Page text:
SUPPLEMENTARY whole-breast ultrasound recommendations may not be targeting the patients who are most likely to benefit from supplemental screening. A new observational study has shown that while females with heterogeneously or extremely dense breasts were targeted, only a small proportion of them were at high-risk for mammography screening failure. The ultrasound screening allows for the detection of cancers that might have been missed following a standard mammogram; however, “this gain is accompanied by potential harms, including recall for additional imaging and benign breast biopsy among women who do not have breast cancer (false positives).” Certain factors such as breast density and breast cancer risk factors, including prior benign disease or family history, have been linked to a higher risk of mammography screening failure.
The team analysed data from 38,166 screening ultrasounds and 825,360 screening mammograms between 2014–2020. There were four categories of breast density: extremely dense, heterogeneously dense, scattered fibroglandular densities, or almost entirely fatty. They determined risk for invasive breast cancer and interval invasive breast cancer using the Breast Cancer Surveillance Consortium (BCSC) 5-year risk model, and risk for advanced breast cancer risk using the BCSC 6-year advanced model. Heterogeneously dense breasts and BCSC 5-year breast cancer risk ≥2.5%, or dense breasts and BCSC 5-year breast cancer risk ≥1.67% equated to high interval invasive breast cancer risk. BCSC 6-year advanced breast cancer risk ≥0.38% equated to intermediate/high advanced cancer risk. Prevalence of high interval invasive breast cancer risk was 23.7% of screening ultrasounds for patients with dense breasts, and 18.5% of screening mammograms without supplemental imaging. For intermediate/high advanced cancer risk, prevalence was 32.0% and 30.5%, respectively. The team noted that ultrasound screening was heavily targeted to those with mammographically dense breasts; however, amongst this group, other breast cancer risk factors were similar.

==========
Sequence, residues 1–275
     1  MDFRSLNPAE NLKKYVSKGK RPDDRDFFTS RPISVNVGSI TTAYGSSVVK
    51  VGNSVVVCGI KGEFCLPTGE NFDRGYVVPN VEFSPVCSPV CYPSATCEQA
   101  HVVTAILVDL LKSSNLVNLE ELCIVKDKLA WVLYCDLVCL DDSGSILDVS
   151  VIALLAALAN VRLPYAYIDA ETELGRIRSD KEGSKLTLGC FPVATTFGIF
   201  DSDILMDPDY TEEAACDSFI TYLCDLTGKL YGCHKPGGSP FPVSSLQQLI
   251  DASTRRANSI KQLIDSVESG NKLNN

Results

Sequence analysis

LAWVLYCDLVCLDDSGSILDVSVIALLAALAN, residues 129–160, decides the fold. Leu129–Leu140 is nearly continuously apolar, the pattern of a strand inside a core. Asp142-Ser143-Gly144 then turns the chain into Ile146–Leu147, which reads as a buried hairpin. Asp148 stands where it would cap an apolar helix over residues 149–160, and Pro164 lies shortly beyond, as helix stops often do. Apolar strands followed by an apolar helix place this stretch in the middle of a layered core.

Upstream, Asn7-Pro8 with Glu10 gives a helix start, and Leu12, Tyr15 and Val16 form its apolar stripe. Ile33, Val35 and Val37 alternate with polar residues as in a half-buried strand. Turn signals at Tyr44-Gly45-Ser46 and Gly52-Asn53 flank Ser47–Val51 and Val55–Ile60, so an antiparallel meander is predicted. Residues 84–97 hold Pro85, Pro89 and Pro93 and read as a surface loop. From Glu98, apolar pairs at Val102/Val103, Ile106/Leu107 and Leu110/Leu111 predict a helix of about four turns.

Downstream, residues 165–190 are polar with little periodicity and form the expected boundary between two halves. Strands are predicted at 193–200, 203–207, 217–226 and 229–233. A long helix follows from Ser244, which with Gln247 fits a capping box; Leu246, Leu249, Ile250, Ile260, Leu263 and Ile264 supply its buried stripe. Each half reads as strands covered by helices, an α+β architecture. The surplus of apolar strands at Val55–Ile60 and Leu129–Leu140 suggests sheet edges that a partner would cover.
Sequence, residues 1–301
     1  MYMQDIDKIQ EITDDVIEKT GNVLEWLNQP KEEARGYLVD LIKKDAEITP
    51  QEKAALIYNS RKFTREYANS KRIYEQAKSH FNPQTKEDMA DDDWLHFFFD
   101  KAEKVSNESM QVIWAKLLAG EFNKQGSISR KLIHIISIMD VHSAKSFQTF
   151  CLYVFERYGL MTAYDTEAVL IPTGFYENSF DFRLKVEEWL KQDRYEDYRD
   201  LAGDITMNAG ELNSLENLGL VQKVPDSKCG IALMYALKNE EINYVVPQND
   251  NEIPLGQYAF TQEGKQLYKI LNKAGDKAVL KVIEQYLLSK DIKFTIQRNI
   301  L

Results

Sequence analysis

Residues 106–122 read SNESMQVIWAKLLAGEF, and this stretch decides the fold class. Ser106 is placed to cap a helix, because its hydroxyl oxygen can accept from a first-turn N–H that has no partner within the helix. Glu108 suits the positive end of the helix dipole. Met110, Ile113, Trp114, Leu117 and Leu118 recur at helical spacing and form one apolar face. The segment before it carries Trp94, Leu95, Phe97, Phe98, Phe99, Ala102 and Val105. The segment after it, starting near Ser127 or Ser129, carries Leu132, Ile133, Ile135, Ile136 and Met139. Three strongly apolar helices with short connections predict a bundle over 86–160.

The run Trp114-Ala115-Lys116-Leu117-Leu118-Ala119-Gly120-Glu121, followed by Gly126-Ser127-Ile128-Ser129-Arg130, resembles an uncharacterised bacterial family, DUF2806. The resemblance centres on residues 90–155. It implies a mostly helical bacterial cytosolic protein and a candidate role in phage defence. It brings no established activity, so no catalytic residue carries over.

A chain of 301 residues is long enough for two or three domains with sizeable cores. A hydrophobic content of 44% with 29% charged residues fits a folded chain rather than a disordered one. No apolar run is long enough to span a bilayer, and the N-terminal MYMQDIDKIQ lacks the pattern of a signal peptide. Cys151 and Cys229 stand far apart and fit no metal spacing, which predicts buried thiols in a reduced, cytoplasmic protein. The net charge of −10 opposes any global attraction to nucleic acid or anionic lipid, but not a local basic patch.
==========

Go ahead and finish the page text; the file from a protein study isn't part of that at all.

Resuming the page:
Brian Sprague, University of Vermont Larner College of Medicine, Burlington, USA, stated: “It is kind of a wake-up call that doctors and women may want to reconsider how they’re making decisions about ultrasound screening.” They stressed the importance of more specific screening guidance, so that all females “can have the testing that is tailored to them and their specific risk factors.”